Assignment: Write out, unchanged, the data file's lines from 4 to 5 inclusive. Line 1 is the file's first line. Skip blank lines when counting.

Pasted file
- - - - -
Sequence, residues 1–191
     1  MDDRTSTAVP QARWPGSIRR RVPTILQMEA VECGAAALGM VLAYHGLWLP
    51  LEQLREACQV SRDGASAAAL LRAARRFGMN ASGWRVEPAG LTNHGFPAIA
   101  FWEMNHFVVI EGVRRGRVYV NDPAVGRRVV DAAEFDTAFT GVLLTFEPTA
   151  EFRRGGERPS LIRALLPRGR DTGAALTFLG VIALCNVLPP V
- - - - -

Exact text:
   101  FWEMNHFVVI EGVRRGRVYV NDPAVGRRVV DAAEFDTAFT GVLLTFEPTA
   151  EFRRGGERPS LIRALLPRGR DTGAALTFLG VIALCNVLPP V